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Book Review

Whittington the cat finds a new home in the barnyard. Meanwhile, young Ben is having trouble learning to read. So in an effort to help, Whittington tells the story of his namesake—a famous lad from the 1300s named Dick Whittington—and his cat. And through the tale, Ben finds new courage and perseverance.

Plot Summary

The barnyard doesn’t quite know what to think of the straggly tomcat who wants to move in. He’s missing half an ear, and he bears plenty of other scars, too. But after discussions with Lady the duck (and the barnyard’s leader), the animals admit Whittington into their family. They need someone to keep the hated rats, who steal food and eggs, in check, after all.

But maybe Whittington can help in another way, too.

The barnyard is owned by an elderly couple named Bernie and Marion. Bernie cares for the animals with the help of his two grandkids, Abby and Ben. But those kids need their own sort of help. Their mom died, and their dad is nowhere to be found, and they struggle with both anger issues and school.

Marion volunteered as a teacher’s aide in Abby’s class to help her get back on track, but nothing seems to help Ben. He keeps falling further and further behind.

The ever-observant Whittington thinks there must be a way to help. The cat lost his old home when the boy who owned him was sent away to boarding school because of a learning disability. Whittington doesn’t want to see Ben suffer, so the animals convince Ben to let his sister give him reading lessons in the barn. And when the siblings take breaks from the reading lessons, Whittington tells the story of his 1300’s namesake: a boy named Dick Whittington, who had a well-known cat himself. 

It’s a tale of world travel and bartering, well-received advice, companionship, and hard choices. And when the inspiring story is finished, young Ben realizes that he has a choice to make as well.

Will he enroll in the summer reading recovery program to try to stay with his class, or should he accept being held back a year? The cat knows Ben will need the sort of courage and daring that Dick Whittington had to persevere, no matter what the future holds.

Christian Beliefs

In some editions, the page before the table of contents features Hebrews 13:2, which says, “Do not forget to show hospitality to strangers, for by so doing some people have shown hospitality to angels without knowing it.”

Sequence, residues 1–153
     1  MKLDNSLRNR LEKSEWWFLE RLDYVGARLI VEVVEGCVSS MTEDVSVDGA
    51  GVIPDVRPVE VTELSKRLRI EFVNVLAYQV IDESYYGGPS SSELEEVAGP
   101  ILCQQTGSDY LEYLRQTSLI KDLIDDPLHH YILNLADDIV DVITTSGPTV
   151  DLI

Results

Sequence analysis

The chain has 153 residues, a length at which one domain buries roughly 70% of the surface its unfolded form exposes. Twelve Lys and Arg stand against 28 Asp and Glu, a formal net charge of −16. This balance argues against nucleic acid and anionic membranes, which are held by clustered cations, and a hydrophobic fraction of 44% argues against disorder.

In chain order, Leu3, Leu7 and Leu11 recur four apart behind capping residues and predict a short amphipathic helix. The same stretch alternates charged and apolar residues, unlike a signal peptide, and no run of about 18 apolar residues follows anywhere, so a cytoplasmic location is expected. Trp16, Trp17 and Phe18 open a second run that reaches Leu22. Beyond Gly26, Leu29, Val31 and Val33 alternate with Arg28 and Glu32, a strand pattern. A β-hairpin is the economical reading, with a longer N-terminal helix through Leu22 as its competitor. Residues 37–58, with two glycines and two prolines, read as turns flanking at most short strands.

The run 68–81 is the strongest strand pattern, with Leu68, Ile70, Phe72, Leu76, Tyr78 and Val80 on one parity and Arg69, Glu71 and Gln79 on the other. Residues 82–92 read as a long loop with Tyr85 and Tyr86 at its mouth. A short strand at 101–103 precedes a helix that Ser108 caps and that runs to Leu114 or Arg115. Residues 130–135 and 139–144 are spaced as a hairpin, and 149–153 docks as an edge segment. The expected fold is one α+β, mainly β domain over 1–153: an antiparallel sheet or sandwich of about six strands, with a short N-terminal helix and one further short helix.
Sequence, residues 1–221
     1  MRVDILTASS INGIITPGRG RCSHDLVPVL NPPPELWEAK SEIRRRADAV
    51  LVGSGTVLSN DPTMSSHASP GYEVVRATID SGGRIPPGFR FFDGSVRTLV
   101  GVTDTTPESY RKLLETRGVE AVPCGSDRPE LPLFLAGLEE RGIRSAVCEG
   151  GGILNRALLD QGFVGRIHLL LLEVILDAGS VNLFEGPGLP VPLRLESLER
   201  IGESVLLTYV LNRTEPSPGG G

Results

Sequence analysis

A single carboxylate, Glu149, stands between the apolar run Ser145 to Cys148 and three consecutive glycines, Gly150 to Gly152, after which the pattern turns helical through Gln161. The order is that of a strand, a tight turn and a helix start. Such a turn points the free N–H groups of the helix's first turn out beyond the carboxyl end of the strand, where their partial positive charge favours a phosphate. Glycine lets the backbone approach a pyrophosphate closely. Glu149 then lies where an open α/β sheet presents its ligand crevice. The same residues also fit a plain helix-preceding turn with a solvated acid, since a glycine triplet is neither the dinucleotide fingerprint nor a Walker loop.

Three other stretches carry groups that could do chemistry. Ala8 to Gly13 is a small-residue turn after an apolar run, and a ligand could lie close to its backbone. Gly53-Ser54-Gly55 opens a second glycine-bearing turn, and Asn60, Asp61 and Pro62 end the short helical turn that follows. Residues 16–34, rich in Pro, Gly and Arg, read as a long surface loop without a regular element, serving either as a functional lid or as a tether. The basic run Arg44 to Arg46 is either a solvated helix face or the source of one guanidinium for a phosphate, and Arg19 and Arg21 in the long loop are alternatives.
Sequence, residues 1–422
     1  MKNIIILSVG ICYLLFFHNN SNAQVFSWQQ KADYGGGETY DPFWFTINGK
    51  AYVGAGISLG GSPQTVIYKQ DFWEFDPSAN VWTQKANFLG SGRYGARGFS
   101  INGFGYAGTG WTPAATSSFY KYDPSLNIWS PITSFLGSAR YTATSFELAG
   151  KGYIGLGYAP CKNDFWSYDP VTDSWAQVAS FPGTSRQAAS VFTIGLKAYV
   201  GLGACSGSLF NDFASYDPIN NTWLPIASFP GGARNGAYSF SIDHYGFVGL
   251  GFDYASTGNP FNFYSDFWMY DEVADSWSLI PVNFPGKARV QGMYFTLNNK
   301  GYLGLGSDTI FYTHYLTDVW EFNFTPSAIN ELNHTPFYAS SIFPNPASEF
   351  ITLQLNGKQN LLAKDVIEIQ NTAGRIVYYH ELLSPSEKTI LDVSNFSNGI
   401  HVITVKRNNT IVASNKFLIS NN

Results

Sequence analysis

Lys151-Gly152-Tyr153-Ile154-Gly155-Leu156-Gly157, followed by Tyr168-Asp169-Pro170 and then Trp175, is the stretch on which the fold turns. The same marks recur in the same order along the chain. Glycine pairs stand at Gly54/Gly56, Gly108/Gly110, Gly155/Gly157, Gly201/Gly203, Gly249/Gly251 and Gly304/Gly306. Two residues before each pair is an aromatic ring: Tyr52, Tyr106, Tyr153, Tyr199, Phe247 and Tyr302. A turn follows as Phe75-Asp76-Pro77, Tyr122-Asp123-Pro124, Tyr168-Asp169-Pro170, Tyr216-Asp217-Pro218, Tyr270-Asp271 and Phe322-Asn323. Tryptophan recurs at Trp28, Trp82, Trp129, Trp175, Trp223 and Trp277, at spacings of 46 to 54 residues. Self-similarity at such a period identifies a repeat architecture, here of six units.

The Bible, priests and churches are mentioned.

To practice reading, the children use Abby’s Sunday school book, which contains some Psalms and parables.

Other Belief Systems

People using spells and incantations to make their medicines work is mentioned.

Egyptian cat gods, seers, magic and the Mahometan religion (an old term for Islam) are briefly mentioned as well.

Authority Roles

Lady the duck is in charge at the barn. At home, Bernie and Marion raise their grandkids. They’re considerate and kind, and Marion helps in Abby’s class at one point since Abby wouldn’t do her work otherwise.

In Whittington’s story, a coachman named Will Price agrees to take young Dick Whittington to London and away from his family. In London, the merchant Fitzwarren takes Dick in and becomes a surrogate father to him, teaching him how to barter for merchandise and giving him food, shelter and clothes in exchange for his work.

The King in Africa is a very proud ruler, used to getting what he wants.

Profanity & Violence

Whittington (the cat) is described as a punch-drunk fighter because of how he weaves. He mentions that he killed another tomcat in a fight. Cats kill rats throughout the book.

Bernie smokes cigars. The author says that Bernie swears as well, but no explicit words are used.

Men with knives try to rob Dick Whittington’s carriage on the way to London, but Dick and Will fight them off. Dick Whittington drinks beer and ale, even as a kid, since it was safer than water at the time.

A sailor who needed an operation is said to get drunk beforehand, as a form of crude anesthesia.

Opium is mentioned.

Classmates call kids in special ed “retards.” Ben hits a boy who makes fun of him and throws things when he’s angry.

Sexual Content

The story mentions Whittington visiting a tabby cat in heat down the road.

Discussion Topics

Read Hebrews 13:2. Do you ever have trouble being kind to strangers? Why or why not?

Abby helped Ben learn to read even though it was hard. Do you know anyone who could use your help? How could you help?

Is it ever difficult to be patient with your siblings? The Bible says we should be “patient in tribulation, be constant in prayer.” What do you think that means?

If you had a fortune like Dick Whittington, how would you spend it? Why?

Get free discussion questions for books at focusonthefamily.com/magazine/thriving-family-book-discussion-questions.

Additional Comments

Whittington makes the real-life history of the Medieval merchant Richard Whittington come to life through a fantasy tale. The modern-day problems mixed with the tragedies and triumphs of Dick Whittington make for an engaging story many kids will enjoy.

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Book reviews cover the content, themes and worldviews of fiction books, not necessarily their literary merit, and equip parents to decide whether a book is appropriate for their children. The inclusion of a book’s review does not constitute an endorsement by Focus on the Family.

Review by Rachel Pfeiffer